There were also allegations that the newspaper was involved in paying various officials (primarily police officers for information and destroying evidence to cover their tracks.

Who were the defendants?

Rebekah Brooks – now aged 45, Brooks became the editor of the NoTW at just 30 years of age.

Andy Coulson – now aged 46, Coulson was deputy editor of the NoTW under Brooks’ role as editor.  Later he became editor.  He resigned to work for the Conservative Party, where he became the Prime Minister’s Director of Communication.

Stuart Kuttner – now aged about 73, Kuttner was the managing editor of the NoTW from 1987 to 2009.  He retired in 2009 suffering with ill health.

Clive Goodman – now aged 56.  Started working for the NoTW in 1985, eventually becoming the Royal Editor.  Goodman pleaded guilty in 2006 to conspiracy to hack phones between November 2005 and August 2006, this was on the basis that he conspired with Mulcaire to hack the phones of three individuals.

Cheryl Cater – now aged 50.  Worked for Rebekah Brooks as a Personal Assistant from 1995 until being made redundant a week following Brook’s resignation.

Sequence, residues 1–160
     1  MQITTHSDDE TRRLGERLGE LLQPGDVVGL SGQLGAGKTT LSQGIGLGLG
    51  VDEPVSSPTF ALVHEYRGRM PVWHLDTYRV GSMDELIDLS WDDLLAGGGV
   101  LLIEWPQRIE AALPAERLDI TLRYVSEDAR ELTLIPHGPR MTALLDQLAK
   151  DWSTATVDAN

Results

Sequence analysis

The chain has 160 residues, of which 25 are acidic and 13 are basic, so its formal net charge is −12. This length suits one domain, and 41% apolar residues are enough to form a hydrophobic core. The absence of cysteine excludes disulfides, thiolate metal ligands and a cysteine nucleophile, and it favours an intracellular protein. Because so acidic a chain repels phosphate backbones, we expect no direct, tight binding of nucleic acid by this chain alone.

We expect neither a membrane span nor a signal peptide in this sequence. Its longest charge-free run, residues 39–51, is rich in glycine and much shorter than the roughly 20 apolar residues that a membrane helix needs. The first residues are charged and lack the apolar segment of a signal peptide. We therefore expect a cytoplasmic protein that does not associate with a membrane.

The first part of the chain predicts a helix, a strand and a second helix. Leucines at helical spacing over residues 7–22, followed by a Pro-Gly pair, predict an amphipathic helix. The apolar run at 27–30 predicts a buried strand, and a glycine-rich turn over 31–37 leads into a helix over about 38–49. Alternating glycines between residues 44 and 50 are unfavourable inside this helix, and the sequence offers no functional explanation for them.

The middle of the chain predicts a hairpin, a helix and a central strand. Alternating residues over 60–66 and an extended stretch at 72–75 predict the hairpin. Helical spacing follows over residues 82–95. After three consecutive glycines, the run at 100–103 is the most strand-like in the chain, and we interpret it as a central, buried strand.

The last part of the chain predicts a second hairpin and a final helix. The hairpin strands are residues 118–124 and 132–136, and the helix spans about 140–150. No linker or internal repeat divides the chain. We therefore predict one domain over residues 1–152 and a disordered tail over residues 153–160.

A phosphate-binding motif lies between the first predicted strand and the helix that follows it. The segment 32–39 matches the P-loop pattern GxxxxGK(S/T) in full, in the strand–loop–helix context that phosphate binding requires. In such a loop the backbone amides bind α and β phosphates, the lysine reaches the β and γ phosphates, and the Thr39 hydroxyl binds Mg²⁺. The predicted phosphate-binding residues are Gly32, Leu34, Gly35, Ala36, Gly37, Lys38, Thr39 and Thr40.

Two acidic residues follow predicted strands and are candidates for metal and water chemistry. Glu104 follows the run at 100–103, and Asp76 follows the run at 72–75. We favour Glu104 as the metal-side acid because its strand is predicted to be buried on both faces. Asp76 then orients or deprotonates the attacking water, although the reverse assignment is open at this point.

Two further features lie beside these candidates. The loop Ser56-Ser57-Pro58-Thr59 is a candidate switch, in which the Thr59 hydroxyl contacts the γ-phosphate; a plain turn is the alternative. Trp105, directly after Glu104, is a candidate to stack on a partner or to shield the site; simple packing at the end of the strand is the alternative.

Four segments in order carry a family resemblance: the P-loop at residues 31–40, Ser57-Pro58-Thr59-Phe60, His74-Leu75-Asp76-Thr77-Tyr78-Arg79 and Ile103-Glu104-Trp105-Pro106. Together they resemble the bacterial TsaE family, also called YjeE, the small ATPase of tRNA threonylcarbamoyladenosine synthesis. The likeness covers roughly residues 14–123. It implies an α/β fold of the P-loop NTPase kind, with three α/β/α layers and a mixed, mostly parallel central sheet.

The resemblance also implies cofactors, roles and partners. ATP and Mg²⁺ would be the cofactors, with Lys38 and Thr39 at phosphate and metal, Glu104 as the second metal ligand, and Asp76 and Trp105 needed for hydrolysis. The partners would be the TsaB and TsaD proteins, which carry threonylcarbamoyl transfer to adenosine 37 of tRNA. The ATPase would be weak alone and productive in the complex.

Charlie Brooks – now aged 51.  Husband of Rebekah Brooks.

Mark Hanna – A former head of security at News International.

Ian Edmondson – a formed executive at the News of the World was found unfit to continue with his trial on 13th December 2013 and the jury were discharged from continuing to consider his case.

What were the charges?

Count 1:

Conspiracy to intercept communications

Details : IAN EDMONDSON, REBEKAH BROOKS, ANDREW COULSON and STUART KUTTNER between 3 October 2000 and 9 August 2006 conspired together, and with Glenn Mulcaire, Clive Goodman, Greg Miskiw, Neville Thurlbeck, James Weatherup and persons unknown, to intercept, without lawful authority, communications in the course of their transmission by means of a public telecommunications system, namely mobile phone voicemail messages.


Andy Coulson – Guilty

Rebekah Brooks and Staurt Kuttner – Not Guilty

Count 2:

Conspiracy to commit misconduct in a public office

Details :CLIVE GOODMAN and ANDREW COULSON, between the 31st August 2002 and the 31st January 2003, conspired together and with persons unknown to commit misconduct in public office.

Verdicts :

Jury discharged

Count 3

Conspiracy to commit misconduct in a public office

Details : CLIVE GOODMAN and ANDREW COULSON, between 31 January 2005 and 3 June 2005, conspired together and with persons unknown to commit misconduct in public office.

Verdicts :

Jury discharged

Count 4

Conspiracy to commit misconduct in a public office

Details : REBEKAH BROOKS between 1 January 2004 and 31 January 2012, conspired with John Kay, Fergus Shanahan, Geoffrey Webster and Bettina Jordan-Barber and persons unknown to commit misconduct in public office.


Acquitted (Judge found no case to answer)

Count 5

Conspiracy to commit misconduct in a public office